Final Fantasy XIV: Come on, like I wasn’t going to be thinking about this game. The second expansions is gathering steam, and when World of Warcraft times its raid launch to try to kneecap your expansion release, you know you’re doing something right. While this one has long held the title for “improving from launch” with its whole relaunch shindig, at this point it’s really more of a case of continued quality than anything else; the game has been rolling out solid and loved content updates regularly enough that it’s just a straight-up example of how to do things right.
Secret World Legends: Capturing the zeitgeist is not always a good thing. I think everyone who reads the site has opinions about SWL and its relationship to The Secret World by this point, and many of them aren’t positive; some are downright critical and rather baffled by the way Funcom is handling the title. That’s also launching in June, so that was a good decision.
Honorable mentions go to Destiny 2, Ashes of Creation, and Conan Exiles. This is the first time that I can think of in a while that a MOBA wasn’t anywhere near the cultural zeitgeist meter; I’m hoping that’s a trend rather than a hiccup.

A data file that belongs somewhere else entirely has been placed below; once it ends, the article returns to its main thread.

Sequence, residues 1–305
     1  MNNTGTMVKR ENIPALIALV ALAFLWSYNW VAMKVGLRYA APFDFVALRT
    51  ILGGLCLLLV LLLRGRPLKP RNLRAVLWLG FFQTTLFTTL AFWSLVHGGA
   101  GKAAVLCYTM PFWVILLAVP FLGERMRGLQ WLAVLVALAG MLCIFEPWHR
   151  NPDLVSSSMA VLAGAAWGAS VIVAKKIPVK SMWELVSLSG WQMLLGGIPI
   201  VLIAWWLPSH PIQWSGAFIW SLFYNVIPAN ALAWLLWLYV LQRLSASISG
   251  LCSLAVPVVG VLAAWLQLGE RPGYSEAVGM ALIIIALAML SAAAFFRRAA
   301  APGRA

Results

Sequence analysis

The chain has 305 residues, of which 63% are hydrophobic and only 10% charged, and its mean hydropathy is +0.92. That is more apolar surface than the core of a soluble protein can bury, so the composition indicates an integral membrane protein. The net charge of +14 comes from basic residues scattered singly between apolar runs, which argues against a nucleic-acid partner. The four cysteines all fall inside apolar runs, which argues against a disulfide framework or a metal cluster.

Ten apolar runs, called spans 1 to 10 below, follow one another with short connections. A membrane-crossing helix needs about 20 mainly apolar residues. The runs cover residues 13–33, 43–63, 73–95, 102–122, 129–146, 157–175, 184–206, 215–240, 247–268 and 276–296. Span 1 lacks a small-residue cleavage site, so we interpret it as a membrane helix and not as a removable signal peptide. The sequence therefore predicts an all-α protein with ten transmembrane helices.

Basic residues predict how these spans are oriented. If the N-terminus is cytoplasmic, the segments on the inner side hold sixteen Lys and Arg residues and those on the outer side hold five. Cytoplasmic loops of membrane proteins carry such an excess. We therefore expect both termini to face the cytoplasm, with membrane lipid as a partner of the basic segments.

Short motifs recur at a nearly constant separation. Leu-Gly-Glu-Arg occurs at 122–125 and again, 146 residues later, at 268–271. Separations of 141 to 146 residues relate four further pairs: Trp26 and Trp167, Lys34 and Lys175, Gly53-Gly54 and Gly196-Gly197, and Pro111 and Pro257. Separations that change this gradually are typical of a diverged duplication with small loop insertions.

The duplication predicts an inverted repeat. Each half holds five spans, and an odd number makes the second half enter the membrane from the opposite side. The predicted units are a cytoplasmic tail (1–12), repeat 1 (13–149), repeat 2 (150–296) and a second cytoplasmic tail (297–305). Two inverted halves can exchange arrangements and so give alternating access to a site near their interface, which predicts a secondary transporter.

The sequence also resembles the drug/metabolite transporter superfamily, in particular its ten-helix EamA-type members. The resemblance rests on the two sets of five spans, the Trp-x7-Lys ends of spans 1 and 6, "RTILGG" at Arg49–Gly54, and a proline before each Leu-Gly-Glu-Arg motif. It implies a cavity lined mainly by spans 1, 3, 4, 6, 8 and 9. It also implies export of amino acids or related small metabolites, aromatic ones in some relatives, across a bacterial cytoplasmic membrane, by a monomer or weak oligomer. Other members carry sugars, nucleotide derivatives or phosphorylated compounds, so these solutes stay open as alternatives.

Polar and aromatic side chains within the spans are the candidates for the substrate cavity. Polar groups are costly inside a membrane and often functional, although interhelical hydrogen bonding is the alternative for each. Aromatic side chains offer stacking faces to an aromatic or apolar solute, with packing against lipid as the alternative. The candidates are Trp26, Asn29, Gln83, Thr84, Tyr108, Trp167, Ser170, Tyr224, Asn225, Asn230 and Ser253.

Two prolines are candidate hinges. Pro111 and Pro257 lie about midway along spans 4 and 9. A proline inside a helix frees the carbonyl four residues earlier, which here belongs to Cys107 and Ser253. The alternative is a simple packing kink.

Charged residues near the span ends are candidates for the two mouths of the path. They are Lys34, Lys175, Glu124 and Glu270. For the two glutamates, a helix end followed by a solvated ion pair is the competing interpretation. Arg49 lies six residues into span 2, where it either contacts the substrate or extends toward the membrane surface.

Justin Olivetti (@Sypster, blog): This was very difficult, but if I had to pick three MMOs that have had an exciting and promising start to 2017, as evidenced by rollouts and community discussion, I’d probably say these:
Lord of the Rings Online: This was an MMO on the wane a year ago, but what a difference the last six months have made! Standing Stones’ acquisition of the title, Update 20, the housing changes, the 10th anniversary celebration, all of the interviews, the news of Chance Thomas’ return, and the anticipation over the Mordor expansion has brought back players in droves and upped the profile of this game. It’s a renaissance at a great time for the MMO, and I hope it lasts.
Ashes of Creation: MMOs are dead and the community has moved on? If anything, this Kickstarter campaign is a sharp counter-argument to these rehashed attacks. Whether or not you think that this fledgling studio can make good on these ambitious promises to build a next-gen MMORPG, players were strongly taken with the vision and voted with their wallets to make it succeed. It gives us another huge MMO to anticipate, and I certainly miss getting excited about upcoming games.
Guild Wars 2: I debated strongly about this one, but I’m going to include it for a few reasons. First, it still gets a lot of coverage in social media and has a thriving population. By all reports, Season 3 has been well received and seen as a step up from Heart of Thorns. And there’s just SO MUCH anticipation over the expansion, partially fueled by ArenaNet’s broad statements and those infamous leaks.
Honorable Mentions: Anything Amazon Game Studios is doing, although we haven’t seen/heard much about that yet. Elder Scrolls Online and FFXIV will undoubtedly shine over the summer, but the spring was spent building up to those expansions. World of Warcraft had a solid if unexciting spring, with microholidays and a couple of decent-sized content updates.